2. Definitions

Tube dryer. Unlike in the proposed PCWP rule, primary tube dryers and secondary tube dryers are treated as separate process units in the final rule as a result of public comments received on the proposed rule (see 69 FR 45961-45962, July 30, 2004). Definitions of primary tube dryer and secondary tube dryer were added to the final rule to distinguish between the two types of tube dryers. The final rule also contains an associated definition of “tube dryer,” which is the same definition that was proposed. Following signature of the final rule, some industry representatives expressed concern that the definitions of tube dryer and secondary tube dryer could be misinterpreted to include ductwork used to pneumatically transfer hot wood furnish from a primary tube dryer to a holding bin, even though no heat is applied to the furnish as would occur for a secondary tube dryer. The promulgated definition indicates that the tube dryer is “* * * operated at elevated temperature and used to reduce the moisture of wood * * *” (which could occur with hot material passing though a duct even if no heat is applied). Given that tube dryers look like ductwork, we agree that this could be confusing to permitting authorities. To prevent misinterpretations and clarify that heat is applied in the tube dryer, we are proposing to amend the definition of “tube dryer” to replace the words “operated at elevated temperature and used” with “operated by applying heat.”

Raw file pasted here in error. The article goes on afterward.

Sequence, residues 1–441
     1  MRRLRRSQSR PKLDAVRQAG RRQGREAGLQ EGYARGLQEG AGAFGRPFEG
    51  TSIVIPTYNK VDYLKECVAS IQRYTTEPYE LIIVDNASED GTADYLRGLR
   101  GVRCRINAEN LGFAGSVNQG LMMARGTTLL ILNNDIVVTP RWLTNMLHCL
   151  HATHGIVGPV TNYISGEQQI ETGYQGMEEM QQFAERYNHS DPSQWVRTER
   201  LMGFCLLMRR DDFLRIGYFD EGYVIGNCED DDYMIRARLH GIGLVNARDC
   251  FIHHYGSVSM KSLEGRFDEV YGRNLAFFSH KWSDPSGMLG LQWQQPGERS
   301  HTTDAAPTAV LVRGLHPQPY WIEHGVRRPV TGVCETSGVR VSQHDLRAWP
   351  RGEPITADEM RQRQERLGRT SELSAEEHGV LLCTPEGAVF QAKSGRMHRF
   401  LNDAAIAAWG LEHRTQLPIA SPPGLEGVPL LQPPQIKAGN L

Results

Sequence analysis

Affected source. Following Administrator signature of the final PCWP rule, it was brought to our attention that applicability of the final PCWP rule and the Industrial/Commercial/Institutional Boilers and Process Heaters NESHAP (40 CFR part 63, subpart DDDDD; referred to as the “Boilers/Process Heaters rule” throughout the remainder of this preamble) was unclear with respect to combustion units that direct-fire dryers. When a combustion unit supplies heat by directly exhausting combustion gas through a dryer, we would consider the dryer to be a “direct-fired dryer.” The HAP emissions from a direct-fired dryer are actually a combination of the emissions from the combustion unit exhausting into the dryer and the emissions that result from drying the wood. Because the final PCWP rule regulates emissions from direct-fired dryers, those combustion unit exhaust streams that direct-fire dryers would not be subject to the requirements of the final Boilers/Process Heaters rule. Section 63.7491(l) of the final Boilers/Process Heaters rule states that any boiler or process heater specifically listed as an affected source in another standard under 40 CFR part 63 is not subject to the Boilers/Process Heaters rule. Confusion has resulted because the PCWP affected source definition contains no mention of combustion units (e.g., boilers or process heaters). To clarify applicability of the final PCWP rule, we are proposing to amend the definition of “affected source” to clearly state that combustion unit exhaust streams used to direct-fire dryers are part of the PCWP affected source.